Among dynamically typed languages, Python is moderately type-checked. It is neither as loose as Perl nor as strict as Caml. Implicit conversion is defined for numeric types, so one may validly multiply a complex number by a long integer (for instance) without explicit casting. However, there is no implicit conversion between (e.g.) numbers and strings; unlike in Perl, a number is an invalid argument to a string operation.

Collection types

One of the fundamental aspects of Python is the concept of collection (or container) types. In general a collection is an object that contains other objects in a way that is easily referenced or indexed. Collections come in two basic forms: mappings and sequences.

Mappings are unordered mutable types implemented in the form of dictionaries which "map" a set of objects, or keys, to elements in a set of values much like mathematic functionss. For example, one could a define a dictionary having a string "foo" mapped to the integer 42 or vice versa. This is done under the covers via a hashing function which makes for faster lookup times (which also is the culprit for a dictionary's lack of order) but also has the effect of not allowing one to use a mutable object (i.e. another dictionary) as a key. This is consistent with Python passing values by reference: you wouldn't want someone changing your key while you weren't looking. Dictionaries also reside at the core of all Python objects and classes as a way to store member attributes and methods in a name (string) to attribute (object) relationship (see Object system).

On the other side of the collections coin are the ordered sequential types which are manifest as lists, tuples and strings. All sequences are indexed positionally (0 through length - 1) and all but strings can contain any type of object (strings only allowing characters). Both strings and tuples are immutable—that is, unchangeable—making them perfect candidates for dictionary keys, while lists are mutable; you can insert, delete, modify, or append elements in place.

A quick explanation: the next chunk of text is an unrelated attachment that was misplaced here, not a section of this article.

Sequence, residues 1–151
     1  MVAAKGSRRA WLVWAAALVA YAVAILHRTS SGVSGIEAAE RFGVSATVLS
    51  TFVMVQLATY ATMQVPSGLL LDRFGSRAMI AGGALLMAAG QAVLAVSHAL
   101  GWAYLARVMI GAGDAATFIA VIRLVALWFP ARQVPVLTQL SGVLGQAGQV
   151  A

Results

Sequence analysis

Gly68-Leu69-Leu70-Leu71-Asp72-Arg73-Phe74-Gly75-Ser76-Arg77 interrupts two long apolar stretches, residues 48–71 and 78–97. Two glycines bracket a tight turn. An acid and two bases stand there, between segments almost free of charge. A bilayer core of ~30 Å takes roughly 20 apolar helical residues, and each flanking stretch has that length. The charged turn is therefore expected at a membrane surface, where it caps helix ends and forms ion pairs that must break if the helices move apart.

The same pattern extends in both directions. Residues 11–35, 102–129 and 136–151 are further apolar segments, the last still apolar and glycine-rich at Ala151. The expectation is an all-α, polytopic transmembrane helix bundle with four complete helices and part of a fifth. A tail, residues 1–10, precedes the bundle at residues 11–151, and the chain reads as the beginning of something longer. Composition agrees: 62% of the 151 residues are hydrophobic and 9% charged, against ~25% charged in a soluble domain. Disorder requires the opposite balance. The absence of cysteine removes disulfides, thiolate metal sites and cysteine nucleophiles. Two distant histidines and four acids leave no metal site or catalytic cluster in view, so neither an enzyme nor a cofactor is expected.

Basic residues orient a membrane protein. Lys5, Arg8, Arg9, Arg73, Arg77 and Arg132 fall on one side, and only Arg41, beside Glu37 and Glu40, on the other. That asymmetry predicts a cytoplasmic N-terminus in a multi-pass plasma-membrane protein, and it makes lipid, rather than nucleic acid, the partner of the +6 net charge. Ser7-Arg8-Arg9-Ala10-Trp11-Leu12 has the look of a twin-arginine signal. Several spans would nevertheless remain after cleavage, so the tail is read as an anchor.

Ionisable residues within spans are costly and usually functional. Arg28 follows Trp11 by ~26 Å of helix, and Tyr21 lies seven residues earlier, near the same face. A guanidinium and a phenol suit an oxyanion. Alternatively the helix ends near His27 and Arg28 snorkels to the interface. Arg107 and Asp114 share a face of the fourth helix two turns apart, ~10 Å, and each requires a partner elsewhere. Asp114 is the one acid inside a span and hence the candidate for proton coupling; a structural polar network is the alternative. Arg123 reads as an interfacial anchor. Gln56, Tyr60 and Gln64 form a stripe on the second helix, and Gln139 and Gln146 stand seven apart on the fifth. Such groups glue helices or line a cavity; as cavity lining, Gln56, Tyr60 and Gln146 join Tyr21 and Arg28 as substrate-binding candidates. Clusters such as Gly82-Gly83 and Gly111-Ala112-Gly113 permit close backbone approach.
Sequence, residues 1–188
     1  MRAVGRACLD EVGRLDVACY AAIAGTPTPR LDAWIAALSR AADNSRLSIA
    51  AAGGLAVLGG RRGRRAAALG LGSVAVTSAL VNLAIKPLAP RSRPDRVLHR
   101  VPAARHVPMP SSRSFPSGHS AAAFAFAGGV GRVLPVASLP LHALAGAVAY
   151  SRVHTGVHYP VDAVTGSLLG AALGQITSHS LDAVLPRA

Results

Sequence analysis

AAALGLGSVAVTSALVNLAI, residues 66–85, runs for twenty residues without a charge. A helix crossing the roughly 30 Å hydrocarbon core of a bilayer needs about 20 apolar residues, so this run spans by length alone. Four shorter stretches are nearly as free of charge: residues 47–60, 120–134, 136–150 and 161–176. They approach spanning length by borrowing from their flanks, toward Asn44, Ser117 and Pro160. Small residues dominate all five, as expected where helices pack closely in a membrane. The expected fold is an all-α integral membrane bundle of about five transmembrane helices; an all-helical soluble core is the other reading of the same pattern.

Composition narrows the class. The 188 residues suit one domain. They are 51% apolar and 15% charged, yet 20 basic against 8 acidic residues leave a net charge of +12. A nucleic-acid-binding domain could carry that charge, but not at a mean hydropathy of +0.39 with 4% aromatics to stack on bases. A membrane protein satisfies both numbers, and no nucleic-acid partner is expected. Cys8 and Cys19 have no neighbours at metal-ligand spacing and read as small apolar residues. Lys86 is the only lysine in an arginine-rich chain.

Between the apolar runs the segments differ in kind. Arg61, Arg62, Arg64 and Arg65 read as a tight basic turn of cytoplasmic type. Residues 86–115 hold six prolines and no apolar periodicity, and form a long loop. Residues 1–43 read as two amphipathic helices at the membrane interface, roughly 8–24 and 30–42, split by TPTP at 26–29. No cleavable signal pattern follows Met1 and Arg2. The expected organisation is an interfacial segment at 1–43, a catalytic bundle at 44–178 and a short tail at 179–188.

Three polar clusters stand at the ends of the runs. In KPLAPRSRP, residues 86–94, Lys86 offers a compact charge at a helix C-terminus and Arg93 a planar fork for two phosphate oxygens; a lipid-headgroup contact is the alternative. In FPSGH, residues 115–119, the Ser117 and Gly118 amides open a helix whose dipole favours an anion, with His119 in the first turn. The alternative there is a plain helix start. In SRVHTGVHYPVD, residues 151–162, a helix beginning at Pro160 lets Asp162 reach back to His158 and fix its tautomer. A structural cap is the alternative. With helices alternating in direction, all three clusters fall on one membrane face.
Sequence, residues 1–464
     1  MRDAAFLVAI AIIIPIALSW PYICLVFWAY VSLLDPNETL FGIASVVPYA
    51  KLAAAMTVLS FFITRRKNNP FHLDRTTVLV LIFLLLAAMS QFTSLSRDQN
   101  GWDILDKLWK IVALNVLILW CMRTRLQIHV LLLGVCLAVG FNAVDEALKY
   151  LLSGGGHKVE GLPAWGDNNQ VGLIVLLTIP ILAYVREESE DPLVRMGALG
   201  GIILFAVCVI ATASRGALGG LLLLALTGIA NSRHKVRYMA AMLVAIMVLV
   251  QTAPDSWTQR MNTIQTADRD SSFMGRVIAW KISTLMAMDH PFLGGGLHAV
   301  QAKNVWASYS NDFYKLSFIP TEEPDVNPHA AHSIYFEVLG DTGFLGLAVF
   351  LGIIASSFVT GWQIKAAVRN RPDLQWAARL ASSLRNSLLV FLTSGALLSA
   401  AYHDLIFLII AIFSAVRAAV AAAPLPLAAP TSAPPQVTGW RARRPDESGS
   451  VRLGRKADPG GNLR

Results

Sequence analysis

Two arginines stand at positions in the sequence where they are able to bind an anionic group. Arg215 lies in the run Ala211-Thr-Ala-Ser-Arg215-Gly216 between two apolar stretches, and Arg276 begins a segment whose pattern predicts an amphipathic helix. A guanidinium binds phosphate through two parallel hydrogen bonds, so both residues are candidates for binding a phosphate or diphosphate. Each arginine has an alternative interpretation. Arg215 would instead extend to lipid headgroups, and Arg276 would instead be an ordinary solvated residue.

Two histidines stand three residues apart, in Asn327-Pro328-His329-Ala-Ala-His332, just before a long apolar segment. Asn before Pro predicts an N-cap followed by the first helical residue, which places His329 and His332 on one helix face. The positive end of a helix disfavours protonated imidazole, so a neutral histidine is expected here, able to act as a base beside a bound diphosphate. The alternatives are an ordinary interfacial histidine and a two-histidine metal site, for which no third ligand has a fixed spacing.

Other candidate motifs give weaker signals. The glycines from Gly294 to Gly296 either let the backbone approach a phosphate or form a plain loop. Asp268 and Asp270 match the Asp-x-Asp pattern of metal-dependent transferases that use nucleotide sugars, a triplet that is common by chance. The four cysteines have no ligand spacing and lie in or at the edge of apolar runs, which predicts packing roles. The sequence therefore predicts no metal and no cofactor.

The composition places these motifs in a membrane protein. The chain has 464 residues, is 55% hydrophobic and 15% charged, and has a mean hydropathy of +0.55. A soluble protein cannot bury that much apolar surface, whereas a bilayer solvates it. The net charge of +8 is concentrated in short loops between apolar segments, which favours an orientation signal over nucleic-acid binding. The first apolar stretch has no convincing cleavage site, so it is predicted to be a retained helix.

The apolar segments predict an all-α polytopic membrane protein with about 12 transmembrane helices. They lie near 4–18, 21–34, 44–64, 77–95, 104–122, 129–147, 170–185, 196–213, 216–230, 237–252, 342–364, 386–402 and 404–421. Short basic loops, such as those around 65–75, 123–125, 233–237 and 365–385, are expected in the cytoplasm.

Python also provides extensive collection manipulating abilities such as builtin containment checking and implied iteration, thus "for element in list" (see Functional programming).

Object system

The Python type system is well integrated with the class system. Although the built-in data types are not precisely classes, a class can inherit from a type. Thus it is possible to extend strings, dictionaries or even integers. Python also supports multiple inheritance.

The language supports extensive introspection of types and classes. Types can be read and compared—indeed, as in Smalltalk, types are a type. The attributes of an object can be extracted as a dictionary.

Operators can be overloaded in Python by defining special member functions—for instance, defining __add__ on a class permits one to use the + operator on members of that class. (Compare C++'s operator+ and similar method names.)


Python was designed to be highly readable. It has a simple visual layout, uses English keywords frequently where other languages use punctuation, and has notably fewer syntactic constructions than many structured languages such as C, Perl, or Pascal.

For instance, Python has only two structured loop forms—for, which loops over elements of a list or iterator (like Perl foreach); and while, which loops as long as a boolean expression is true. It thus lacks C-style complex for, a do...while, and Perl's until, though of course equivalents can be expressed. Likewise, it has only if...elif...else for branching—no switch or labeled goto.


Comments begin with the hash character ("#") and are terminated by the end of line. Comments that span more than one line can be inserted in the form of multi-line strings (delimited with either """ or ''') without an applied action; these are not evaluated as expressions by the interpreter. A comment placed right below a function or class definition, or at the start of a module, becomes its associated docstring (documentation string). Tools exist for automatically creating HTML documents based on the docstrings, and the docstrings can be accessed in the interpreter's interactive mode, reducing the need for maintenance of external documentation.

Syntactical significance of whitespace